I have been watching a travel show on PBS for years and hosted by Rick Steves.
I ran into his bio on Wikipedia and I was just floored by one item listed there at the bottom.
The simplicity of the idea and the scope and depth of an idea of how someone could use their retirement funds as a relatively safe, conservative way to serve mankind, the community and in the spirit of the Christ. I am dumbfounded sometimes by creativity or the random acts of seeming kindness I sometimes run into in this world.
The idea is simple. You get a lot of volunteer organizations like the YMCA and Rotary Club involved to house homeless mothers. Your initial investment is the investment of your retirement fund to buy an apartment building. You are not giving it away. You are leasing it to a community need for a decade or two. With insurance and maintenance your investment is tangible and safe.
You give a pathway for a flow of semi-charitable good works and outside the realm of direct organized religion or government. Religions have a tendency to become bureaucratic and sad to say in some instances corrupt in the distribution of alms and charity to people. Government is government.
Why not do charity and or good works on your own and after fifteen or twenty years take back your investment plus accumulated unearned equity. I do not want to put a label on this such as passive good works or compassionate brotherhood. Compassionate conservatism as a term in the secular sense has perhaps failed terribly and gotten us into two wars overseas.
In 2005 Rick and Anne Steves purchased a 24-unit apartment complex in Lynnwood, Washington and fixed it up to serve as transitional housing for homeless mothers and their children. The Steves invested much of their retirement nest egg and are allowing free use of the complex for 15 years--leaving management responsibilities to the local YWCA Pathways for Women, while Rotarians in the Edmonds Noontime Rotary Club help maintain the buildings, do grounds upkeep, and provide everything from the furniture to the flowers. In addition, the club raised USD $30,000 in donations to build a play structure for the children of Trinity Place. About 100 mothers are expected to ultimately live there.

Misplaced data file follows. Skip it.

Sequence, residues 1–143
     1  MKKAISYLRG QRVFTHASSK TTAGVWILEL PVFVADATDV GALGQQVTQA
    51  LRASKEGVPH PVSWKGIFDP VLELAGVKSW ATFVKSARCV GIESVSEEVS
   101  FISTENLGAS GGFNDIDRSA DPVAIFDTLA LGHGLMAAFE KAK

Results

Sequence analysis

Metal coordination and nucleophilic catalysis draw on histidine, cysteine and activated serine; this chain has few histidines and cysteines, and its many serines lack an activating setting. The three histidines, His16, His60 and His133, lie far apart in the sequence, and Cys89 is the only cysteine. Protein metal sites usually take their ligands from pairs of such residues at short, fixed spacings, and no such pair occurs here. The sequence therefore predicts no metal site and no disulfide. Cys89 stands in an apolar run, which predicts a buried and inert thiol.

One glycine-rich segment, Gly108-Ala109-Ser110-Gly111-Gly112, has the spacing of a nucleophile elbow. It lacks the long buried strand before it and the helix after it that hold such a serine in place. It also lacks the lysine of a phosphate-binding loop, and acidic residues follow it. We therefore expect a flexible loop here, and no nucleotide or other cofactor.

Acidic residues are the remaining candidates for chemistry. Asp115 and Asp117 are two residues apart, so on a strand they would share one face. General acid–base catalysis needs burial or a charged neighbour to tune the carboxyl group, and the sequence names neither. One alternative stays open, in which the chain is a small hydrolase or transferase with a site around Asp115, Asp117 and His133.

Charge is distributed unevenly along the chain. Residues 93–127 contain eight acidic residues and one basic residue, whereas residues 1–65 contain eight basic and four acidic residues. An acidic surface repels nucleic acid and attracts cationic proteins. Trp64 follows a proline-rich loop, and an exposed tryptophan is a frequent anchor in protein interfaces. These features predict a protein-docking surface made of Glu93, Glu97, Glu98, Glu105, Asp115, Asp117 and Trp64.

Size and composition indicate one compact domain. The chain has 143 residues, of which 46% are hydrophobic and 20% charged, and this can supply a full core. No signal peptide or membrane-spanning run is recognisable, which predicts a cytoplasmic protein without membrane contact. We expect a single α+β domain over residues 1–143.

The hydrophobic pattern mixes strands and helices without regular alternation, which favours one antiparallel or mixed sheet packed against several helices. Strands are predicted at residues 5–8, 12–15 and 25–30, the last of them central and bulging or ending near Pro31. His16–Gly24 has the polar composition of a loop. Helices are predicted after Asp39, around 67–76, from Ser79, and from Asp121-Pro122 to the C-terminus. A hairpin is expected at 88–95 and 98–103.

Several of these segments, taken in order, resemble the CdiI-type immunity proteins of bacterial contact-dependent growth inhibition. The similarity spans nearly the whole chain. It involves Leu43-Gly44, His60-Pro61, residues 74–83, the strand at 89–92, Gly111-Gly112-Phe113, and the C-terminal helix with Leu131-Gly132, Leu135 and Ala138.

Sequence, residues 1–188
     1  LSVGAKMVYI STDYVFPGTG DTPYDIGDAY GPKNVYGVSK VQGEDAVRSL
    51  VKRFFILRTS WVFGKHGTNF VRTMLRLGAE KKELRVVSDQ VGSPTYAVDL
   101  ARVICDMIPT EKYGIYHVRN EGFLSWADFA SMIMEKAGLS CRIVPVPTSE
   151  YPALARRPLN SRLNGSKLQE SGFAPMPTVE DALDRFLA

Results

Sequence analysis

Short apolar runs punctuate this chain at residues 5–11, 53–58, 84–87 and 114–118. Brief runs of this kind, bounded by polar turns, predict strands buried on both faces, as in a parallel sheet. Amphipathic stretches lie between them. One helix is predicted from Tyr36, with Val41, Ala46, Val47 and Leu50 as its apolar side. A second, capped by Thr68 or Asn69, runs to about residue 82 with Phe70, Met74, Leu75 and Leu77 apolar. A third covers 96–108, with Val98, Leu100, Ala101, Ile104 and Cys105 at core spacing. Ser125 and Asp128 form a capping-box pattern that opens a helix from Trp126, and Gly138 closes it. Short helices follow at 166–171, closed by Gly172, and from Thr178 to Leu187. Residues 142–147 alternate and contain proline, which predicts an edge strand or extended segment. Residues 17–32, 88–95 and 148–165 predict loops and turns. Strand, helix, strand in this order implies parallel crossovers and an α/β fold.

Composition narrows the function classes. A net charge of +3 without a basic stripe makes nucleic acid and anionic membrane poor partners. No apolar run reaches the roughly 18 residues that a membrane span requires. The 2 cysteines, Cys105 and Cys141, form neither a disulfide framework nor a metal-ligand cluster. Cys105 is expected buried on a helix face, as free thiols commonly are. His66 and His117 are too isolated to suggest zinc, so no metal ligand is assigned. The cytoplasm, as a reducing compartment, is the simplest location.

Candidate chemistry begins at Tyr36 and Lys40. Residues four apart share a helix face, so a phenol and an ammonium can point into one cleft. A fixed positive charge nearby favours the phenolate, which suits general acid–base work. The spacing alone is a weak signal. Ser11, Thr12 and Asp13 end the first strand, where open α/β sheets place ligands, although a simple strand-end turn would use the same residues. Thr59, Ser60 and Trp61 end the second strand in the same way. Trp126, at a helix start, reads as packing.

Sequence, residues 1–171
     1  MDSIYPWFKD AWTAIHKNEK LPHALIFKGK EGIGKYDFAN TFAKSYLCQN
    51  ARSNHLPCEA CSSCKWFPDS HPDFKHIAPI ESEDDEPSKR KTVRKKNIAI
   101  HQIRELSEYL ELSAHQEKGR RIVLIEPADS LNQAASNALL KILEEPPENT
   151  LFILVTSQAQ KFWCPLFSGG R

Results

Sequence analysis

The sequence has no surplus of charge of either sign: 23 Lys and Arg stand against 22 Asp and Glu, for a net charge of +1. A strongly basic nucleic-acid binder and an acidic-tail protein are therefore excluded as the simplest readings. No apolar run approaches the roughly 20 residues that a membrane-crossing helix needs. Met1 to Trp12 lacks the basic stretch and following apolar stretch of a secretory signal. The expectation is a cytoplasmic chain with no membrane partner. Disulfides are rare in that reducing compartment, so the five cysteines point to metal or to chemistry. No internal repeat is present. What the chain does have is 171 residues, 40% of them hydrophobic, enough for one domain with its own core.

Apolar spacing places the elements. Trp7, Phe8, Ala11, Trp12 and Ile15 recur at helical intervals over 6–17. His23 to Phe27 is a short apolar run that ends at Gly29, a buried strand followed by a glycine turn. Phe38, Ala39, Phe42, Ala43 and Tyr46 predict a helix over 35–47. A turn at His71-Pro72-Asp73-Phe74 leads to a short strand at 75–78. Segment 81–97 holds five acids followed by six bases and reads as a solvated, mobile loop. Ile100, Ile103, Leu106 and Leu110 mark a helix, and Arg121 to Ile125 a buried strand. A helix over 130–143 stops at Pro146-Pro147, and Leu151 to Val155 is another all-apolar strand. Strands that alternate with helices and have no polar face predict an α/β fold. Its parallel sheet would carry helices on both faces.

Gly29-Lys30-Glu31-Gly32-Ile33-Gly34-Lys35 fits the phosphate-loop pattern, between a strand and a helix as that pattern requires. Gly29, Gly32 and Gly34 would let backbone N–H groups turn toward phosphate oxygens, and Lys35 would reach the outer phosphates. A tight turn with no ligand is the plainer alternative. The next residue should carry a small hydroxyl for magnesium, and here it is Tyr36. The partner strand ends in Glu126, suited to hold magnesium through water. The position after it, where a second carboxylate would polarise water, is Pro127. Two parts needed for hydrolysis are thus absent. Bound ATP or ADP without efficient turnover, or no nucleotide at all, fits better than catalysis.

Steves is an active Lutheran, and has written and hosted educational videos on subjects such as Martin Lutheran and the European Reformation of the Church. He also raises funds for Bread for the World. -- Wikipedia
Think of all the secular no-religion Americans who have seen their 401ks shrink and pension funds evaporate. Think of the bemoaning of “my individual piece” of Wall Street melting away.
Think of all the mutual funds invested in China and Aluminum mines with people making slave wages. Think of the returns on investment of China put into U.S. Treasury notes to feed our national debt and our insatiable godless consumerism. Think of a China that individually dominates or dictates out national policies, really a country we are afraid to challenge at the moment. Think of a godless China that sits on the United Nations Security Council that will veto any humane actions on Darfur to protect its very real national investments in Sudan.
Think how we as individuals do not have to invest in some godless macro Wall Street ponzi schemes in the future. Think about taking the time out to touch and research the needs of your community. Think about investing your money, your nest egg, in the future of the welfare and best interests of your community.
Think of what Jesus would do with your investments.
While you would like to give away everything to the poor, why not just share with them for a while and make the world a tiny bit better. The world is better because you touched the world and the world seems to matter right in front of your eyes.
I would label this as Community Christian Capitalism because it is capitalism. It also serves the community. It most definitely has a Christian flavor.
You are making a cash investment to get back a cash return. Instead of instant millions in immediate return, you get a safe old fashioned rate of return on cash investment which also serves the needs of the community. There is something about this scheme that touches upon the things missing today in over-organized religion or failed government. It has to do with people and community needs and meeting the needs of the less fortunate in a humane and dignified manner. Churches and religions used to touch the earth and communities.
In an abstract dominant secular world “we have to touch people” again. We need to serve others in order to serve our own spiritual selves and needs. This is humanity. This is Christ!